According to the specs, the Flash 150W features a “separate control per each output port to ensure that other ports continue to work even if one is in a short circuit or maximum output status,” but like so much of the electronic innards of batteries and other mobile devices, it’s something I’m not able to verify or measure to any degree. Likewise, the unit’s “integrated short circuit protection, [to] prevent overcurrent, over temperatures and short circuits” was either functioning optimally, in which case I didn’t notice it and didn’t have to do anything about, or was never needed (in which case I still didn’t notice or had to do anything about).
All in all, it seems like the AiperPower Flash 150W power station is a well-built unit that is capable of handling a variety of mobile charging needs with a minimal amount of accessories (remember the early portable solar panels that had to come with a bundle of different DC charging cords to fit various mobile device ports?). And one of the best parts is the relatively low cost, which is set at $109 for Kickstarter backers. When compared to the $200 Goal Zero Yeti 150, which has similar capacity and plug options, including an AC outlet, but which uses AGM Lead Acid batteries and weighs in at 12 lb (5.4 kg), the Flash 150W feels like not just a competitor, but a winner. But as I said earlier, it’s hard to compare performance over time, and to compare performance with other similar devices without doing a head-to-head trial and following up after long usage, so your mileage may vary. And remember folks, crowdfunded projects always entail a certain amount of risk, so caveat emptor and all that…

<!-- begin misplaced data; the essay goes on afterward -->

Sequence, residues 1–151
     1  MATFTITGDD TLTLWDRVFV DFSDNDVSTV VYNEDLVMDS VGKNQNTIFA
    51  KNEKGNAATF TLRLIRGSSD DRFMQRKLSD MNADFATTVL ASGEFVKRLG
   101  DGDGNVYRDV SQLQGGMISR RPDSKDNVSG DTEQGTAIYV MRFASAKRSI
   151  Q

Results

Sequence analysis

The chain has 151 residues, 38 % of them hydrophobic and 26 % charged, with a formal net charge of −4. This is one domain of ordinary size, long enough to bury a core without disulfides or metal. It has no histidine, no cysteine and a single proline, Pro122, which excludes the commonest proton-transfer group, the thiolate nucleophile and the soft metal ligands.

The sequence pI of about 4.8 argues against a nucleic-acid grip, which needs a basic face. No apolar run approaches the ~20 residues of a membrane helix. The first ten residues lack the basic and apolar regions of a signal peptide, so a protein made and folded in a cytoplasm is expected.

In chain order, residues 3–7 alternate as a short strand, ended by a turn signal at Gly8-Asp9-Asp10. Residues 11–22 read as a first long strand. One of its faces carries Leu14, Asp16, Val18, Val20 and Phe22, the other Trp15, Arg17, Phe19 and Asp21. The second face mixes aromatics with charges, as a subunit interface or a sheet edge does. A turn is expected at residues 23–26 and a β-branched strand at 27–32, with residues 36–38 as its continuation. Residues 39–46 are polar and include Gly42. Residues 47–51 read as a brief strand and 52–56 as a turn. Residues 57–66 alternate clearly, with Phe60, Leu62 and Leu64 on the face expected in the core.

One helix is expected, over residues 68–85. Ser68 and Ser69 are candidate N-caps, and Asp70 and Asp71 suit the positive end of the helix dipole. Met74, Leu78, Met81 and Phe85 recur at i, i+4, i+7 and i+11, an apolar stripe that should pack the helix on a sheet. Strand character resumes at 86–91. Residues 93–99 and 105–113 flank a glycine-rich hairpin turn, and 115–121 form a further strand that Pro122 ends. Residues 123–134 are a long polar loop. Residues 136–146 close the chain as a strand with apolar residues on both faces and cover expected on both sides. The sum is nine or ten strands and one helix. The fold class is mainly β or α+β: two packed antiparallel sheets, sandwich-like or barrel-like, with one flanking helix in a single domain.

[AiperPower sent me a free review unit of the Flash 150, but all opinions and/or errors in this post are mine alone.]